There are some humorous charms to 'Chilly Scenes of Winter,' the show is a fairly serious and honest look at the end of a relationship. You can love or hate Charles, the film keeps things open for debate on that, but at the same time the things he does the experiences he has as he tries to win Laura back are relatable. Love, or at least, the idea of love makes people do stupid things. 'Chilly Scenes of Winter' definitely takes the more optimistic approach to this sort of story, but at the same time, there is an honesty to the flick that things don't always work out the way you hope. 'Chilly Scenes of Winter' may not be the most romantic comedy of the ages, it may not be something you routinely turn to like 'When Harry Met Sally,' but the film is a tasteful, earnest entry in a crowded genre.
The Blu-ray: Vital Disc Stats
'Chilly Scenes of Winter' arrives on Blu-ray courtesy of Twilight Time and is limited to a run of 3000 copies. The disc is pressed onto a Region Free BD-25 disc and is housed in a standard clear Blu-ray case. The disc loads directly to a static image main menu featuring traditional navigation options. Also included with this release is a booklet containing stills from the film and a terrific essay by film historian Julie Kirgo.
Arriving with a fresh 1.85:1 1080p transfer, 'Chilly Scenes of Winter' may not be the most colorful movie ever made, but it gets high marks for what it has working for it. For starters, detail levels are particularly impressive as there is a stable and consistent grain field present. Colors maintain that brown-tan color scheme of the late 70s/early 80s where primaries don't get a lot of play. When reds and blues do appear they offer a welcome presence in front of the snow-covered landscapes. Considering this film was shot in Salt Lake City, there really isn't much scenery to appreciate, even with the Rocky Mountains in such proximity. Black levels are deep and inky and stable allowing for a terrific sense of depth and dimension to the image. The only problem mark I can bring up is a close-up shot of John Heard late in the film, you'll know it when you see it. Blacks look particularly crushed with heavy grain and lifeless colors. Thankfully it's brief; lasting maybe two seconds, but it does cause one to blink and wonder what just happened to an otherwise perfect image transfer. It's probably just a poorly maintained insert shot, but it's pretty glaring. Otherwise, this is a beautiful looking transfer that fans should be pleased with.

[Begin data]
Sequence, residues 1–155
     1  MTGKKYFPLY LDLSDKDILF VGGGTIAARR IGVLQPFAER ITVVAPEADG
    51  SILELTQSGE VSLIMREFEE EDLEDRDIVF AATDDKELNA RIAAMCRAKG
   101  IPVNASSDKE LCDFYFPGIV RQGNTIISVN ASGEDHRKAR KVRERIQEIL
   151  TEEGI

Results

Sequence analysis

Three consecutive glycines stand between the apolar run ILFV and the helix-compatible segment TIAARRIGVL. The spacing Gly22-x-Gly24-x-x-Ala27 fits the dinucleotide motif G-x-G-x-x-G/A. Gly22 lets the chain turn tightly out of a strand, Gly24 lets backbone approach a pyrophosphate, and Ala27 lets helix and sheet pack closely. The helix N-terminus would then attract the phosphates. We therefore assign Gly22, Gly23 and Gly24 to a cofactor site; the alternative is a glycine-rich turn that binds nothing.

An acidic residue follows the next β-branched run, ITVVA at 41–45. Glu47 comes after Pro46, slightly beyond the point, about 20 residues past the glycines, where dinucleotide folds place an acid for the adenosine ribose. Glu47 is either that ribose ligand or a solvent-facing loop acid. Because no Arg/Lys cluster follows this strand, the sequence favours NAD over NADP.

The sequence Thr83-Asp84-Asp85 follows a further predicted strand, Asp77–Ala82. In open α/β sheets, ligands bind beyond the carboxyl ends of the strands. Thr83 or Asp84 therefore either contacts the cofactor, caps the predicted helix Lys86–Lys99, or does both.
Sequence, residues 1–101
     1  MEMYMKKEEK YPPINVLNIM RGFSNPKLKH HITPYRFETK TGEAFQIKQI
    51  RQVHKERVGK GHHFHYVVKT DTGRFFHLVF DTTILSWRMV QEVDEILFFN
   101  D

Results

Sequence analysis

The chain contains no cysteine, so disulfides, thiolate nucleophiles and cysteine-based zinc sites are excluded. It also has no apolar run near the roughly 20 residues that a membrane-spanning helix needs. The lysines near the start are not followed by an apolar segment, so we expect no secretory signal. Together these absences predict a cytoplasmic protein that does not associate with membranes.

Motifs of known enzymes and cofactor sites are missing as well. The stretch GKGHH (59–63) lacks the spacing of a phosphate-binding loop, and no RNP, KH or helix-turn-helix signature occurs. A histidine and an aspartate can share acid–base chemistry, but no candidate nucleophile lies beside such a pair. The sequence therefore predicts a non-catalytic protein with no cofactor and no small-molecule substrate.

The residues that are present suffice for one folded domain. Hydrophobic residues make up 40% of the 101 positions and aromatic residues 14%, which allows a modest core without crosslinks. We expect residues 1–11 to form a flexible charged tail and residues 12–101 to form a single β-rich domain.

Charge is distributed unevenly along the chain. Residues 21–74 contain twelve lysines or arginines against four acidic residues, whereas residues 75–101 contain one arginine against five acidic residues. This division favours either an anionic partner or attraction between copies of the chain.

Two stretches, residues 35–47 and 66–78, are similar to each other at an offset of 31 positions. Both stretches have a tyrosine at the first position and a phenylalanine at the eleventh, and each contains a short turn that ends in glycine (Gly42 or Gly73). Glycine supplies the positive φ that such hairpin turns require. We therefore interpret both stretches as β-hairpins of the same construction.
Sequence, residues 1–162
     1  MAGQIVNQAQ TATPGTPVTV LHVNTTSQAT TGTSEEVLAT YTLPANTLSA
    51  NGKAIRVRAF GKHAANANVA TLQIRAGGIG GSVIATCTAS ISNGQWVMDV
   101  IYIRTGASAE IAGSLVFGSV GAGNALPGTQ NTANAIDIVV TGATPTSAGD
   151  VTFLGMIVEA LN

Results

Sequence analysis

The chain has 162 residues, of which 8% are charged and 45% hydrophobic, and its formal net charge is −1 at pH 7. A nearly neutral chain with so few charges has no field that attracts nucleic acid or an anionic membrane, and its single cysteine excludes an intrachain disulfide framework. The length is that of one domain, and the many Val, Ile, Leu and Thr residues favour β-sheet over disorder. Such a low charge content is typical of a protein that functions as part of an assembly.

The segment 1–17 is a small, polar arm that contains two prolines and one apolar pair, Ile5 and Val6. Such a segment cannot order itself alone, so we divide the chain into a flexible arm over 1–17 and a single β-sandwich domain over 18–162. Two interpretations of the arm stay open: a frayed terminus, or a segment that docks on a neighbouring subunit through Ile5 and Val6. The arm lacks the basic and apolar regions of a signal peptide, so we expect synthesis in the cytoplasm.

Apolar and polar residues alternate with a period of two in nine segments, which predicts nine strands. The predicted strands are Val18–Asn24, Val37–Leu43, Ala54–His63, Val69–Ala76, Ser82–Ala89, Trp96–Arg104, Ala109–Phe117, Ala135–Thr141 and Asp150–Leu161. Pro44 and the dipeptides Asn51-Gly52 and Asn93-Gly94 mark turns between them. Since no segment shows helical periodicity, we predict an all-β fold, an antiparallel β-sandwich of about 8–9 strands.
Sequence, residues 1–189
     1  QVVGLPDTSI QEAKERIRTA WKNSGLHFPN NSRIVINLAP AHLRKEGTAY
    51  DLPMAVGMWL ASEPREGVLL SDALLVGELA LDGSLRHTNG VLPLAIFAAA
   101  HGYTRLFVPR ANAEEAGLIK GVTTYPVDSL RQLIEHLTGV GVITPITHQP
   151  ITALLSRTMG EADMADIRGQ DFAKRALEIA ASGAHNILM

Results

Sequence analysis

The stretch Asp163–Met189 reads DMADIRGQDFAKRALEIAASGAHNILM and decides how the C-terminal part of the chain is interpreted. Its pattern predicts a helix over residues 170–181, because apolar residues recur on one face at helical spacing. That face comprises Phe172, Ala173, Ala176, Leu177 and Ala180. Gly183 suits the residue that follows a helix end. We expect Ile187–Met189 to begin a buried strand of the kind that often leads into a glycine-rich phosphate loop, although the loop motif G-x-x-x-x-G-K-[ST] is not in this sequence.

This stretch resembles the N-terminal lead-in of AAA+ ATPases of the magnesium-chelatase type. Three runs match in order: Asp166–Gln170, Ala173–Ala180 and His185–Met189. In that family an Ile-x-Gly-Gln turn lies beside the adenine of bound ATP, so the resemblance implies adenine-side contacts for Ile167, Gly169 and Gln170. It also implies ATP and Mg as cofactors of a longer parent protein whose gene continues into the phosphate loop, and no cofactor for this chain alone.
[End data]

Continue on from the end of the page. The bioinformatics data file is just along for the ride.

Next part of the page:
'Chilly Scenes of Winter' comes with a solid English DTS-HD MA 1.0 audio mix. Dialogue comes through clean and clear throughout. Sound effects have a natural quality to them providing a sense of space and atmosphere even through a single channel. Imaging is obviously restrained but there is an amount of directionality to the mix that is appreciable. Scoring by composer Ken Lauber is present, but very minimal more akin to atmospheric mood music that doesn't ever really dominate the mix. Since this is mostly a conversational affair, once you have your levels set, you should be in great shape without any need to adjust the volume.
Audio Commentary: Featuring Screenwriter/Director Joan Micklin Silver and Producer Amy Robinson provide an engaging and informative commentary about the film without any glaring drop offs or simply describing what is happening on the screen.
Original Theatrical Trailer: (HD 1:45)
'Chilly Scenes of Winter' may not redefine the romantic comedy genre, but instead, it provides an honest if perhaps a little sad look at romance and how it can come to an end - even when one person in the relationship doesn't want it to. It may not be laugh-out-loud funny, but it's got an endearing quality to it that is endearing. Twilight Time has done a solid job bringing the film to Blu-ray with a terrific A/V presentation. Extras may be a bit slim, but the film in of itself is worth watching. Fans should be very happy with this presentation. Worth a look.